If your kids are like most, any money you give them burns a hole in their pockets. This isn’t that different from most adults, come to think of it!
As parents, you want to set your kids on the right money path as soon as possible so they learn the value of saving and giving – as well as the fun of spending. Around the age your child begins either preschool or kindergarten is probably a good time to start with the three jars method.
You can probably tell from the name, you’ll need to get three jars. Three pint-sized Mason jars and work with your children to decorate them as they see fit. The only requirement is that you label them Save, Spend and Give. Feel free to make a slot in the jar lid, buy the lids already slotted or just open the jar for every deposit.
Now it’s time to determine an allowance. While many parents feel allowances teach children the wrong lessons, we feel this exercise is just what a child needs to learn money basics. If you’re dead-set against allowance, use the three jars for birthday money they receive, etc. The standard rule of thumb for allowance is a dollar for every year. So, if you’ve got a 6-year-old, you give them $6. Whether that’s weekly, bi-weekly or monthly is up to you.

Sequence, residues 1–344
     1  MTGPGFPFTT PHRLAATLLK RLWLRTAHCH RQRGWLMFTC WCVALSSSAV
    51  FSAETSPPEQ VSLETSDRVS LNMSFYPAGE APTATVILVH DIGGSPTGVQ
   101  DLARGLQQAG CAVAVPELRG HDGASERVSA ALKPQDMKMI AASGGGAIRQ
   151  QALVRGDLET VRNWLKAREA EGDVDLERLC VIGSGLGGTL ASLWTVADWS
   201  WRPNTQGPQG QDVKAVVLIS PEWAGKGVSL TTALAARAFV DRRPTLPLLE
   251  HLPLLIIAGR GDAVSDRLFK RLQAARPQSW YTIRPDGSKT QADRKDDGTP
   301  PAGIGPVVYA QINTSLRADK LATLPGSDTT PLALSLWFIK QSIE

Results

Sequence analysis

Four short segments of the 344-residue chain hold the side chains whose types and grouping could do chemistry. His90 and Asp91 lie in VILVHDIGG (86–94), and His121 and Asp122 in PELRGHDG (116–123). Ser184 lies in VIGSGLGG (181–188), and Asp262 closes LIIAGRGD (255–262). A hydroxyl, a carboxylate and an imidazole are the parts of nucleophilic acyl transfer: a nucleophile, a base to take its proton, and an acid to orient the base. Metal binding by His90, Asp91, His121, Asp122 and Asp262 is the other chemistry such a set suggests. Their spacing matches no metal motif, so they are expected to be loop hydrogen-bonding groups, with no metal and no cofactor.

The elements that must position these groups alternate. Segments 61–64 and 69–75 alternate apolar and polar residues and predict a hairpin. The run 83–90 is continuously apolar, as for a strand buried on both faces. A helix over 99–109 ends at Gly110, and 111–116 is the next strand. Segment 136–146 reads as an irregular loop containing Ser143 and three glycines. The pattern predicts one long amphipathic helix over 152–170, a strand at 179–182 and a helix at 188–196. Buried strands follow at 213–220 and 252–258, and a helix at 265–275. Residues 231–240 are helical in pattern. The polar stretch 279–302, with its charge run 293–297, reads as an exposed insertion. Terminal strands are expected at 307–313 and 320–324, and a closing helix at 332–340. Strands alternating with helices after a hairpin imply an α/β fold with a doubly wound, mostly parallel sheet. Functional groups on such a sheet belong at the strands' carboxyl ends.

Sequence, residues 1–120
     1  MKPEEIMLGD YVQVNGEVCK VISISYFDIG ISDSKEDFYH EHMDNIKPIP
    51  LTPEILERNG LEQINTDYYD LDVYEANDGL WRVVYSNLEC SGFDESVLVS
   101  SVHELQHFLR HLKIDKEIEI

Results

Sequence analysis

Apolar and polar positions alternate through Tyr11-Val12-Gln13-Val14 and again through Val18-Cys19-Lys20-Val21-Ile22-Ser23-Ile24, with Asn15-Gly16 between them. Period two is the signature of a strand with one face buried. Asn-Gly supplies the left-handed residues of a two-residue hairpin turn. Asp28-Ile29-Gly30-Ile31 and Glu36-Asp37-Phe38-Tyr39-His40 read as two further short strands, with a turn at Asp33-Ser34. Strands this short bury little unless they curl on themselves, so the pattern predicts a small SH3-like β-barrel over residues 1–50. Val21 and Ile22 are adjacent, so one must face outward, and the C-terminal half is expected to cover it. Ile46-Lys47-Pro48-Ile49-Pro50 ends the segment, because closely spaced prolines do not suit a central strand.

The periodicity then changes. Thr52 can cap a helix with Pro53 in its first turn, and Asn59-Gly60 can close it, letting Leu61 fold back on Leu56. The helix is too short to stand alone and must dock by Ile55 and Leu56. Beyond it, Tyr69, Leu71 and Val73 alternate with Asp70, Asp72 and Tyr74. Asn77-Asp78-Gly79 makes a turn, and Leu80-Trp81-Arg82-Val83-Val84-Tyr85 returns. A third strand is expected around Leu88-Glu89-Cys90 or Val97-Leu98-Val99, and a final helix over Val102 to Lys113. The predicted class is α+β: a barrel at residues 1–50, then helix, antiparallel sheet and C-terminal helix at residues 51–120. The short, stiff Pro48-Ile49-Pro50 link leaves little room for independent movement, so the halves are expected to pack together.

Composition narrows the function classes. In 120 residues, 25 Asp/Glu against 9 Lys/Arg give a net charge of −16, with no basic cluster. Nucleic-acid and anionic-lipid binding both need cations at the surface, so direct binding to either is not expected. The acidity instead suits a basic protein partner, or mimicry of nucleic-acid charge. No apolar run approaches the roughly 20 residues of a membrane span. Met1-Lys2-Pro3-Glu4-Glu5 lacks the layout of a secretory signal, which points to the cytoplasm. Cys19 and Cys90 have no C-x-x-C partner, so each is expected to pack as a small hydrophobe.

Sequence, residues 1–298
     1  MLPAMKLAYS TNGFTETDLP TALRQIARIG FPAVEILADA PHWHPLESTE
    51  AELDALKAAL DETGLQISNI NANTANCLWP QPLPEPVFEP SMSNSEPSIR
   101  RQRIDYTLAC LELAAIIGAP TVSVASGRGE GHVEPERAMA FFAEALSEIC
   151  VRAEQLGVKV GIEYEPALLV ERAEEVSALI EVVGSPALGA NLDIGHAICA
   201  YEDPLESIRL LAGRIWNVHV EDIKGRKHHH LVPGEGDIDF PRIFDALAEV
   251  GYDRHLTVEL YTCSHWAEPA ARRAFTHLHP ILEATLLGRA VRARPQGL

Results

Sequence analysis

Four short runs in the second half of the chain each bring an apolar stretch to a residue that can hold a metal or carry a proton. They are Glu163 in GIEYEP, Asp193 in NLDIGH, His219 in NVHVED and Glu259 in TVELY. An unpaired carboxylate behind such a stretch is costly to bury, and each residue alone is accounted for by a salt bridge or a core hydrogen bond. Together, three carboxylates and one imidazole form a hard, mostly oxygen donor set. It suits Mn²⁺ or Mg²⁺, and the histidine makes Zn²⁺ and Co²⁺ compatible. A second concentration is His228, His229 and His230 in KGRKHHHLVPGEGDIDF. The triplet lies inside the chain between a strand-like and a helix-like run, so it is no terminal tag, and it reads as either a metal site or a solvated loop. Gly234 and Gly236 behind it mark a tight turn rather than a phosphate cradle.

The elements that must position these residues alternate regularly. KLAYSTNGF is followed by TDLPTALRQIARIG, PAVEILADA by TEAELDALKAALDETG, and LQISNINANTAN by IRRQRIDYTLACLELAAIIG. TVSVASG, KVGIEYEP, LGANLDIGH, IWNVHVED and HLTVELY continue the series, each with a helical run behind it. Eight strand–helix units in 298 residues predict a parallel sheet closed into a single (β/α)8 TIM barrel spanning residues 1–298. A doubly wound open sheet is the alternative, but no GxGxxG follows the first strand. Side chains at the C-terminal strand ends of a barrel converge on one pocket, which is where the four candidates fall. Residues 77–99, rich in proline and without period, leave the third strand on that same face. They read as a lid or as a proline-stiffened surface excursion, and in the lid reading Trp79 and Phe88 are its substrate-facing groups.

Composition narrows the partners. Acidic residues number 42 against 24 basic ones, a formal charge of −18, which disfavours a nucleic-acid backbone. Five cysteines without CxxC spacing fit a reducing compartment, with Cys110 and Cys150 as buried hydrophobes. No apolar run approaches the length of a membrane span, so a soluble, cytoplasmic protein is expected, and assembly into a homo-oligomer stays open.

Once you’ve figured out the allowance, you divide that number by three and have your child put it in the jars. Using our above example, the $6 would be $2 per jar. Kids immediately understand the spending part of the exercise, but you’ll need to work with them on the Save and Give parts.
Keep Them Motivated
It may help motivate your child to save if you work with them on goals. Is there a bigger ticket item they’d like such as a video game or stuffed animal? Get a notebook and write down the price of the item and then track how much is in the jar with each deposit to show how close they’re getting to their goal.
For the Give jar, let them do the research into where they’d like to donate their money. Do they love animals? A local shelter would be a good choice. Do they want to help out other children? There are plenty of shelters or medical-based charities to choose from. Decide with them how much each donation should be and keep track of that number as well.
Depending on how old your child is and how well the three-jar exercise goes, you may want to progress to a savings account after six months or a year. That way they can learn about the benefits of interest as well as saving! Plus, WWFCU has youth savings challenges and raffles to help make savings fun. No matter how you proceed, you can be happy knowing you’re teaching your child valuable money lessons.
To learn more about our youth accounts, stop by our branch or call (734)721-5700.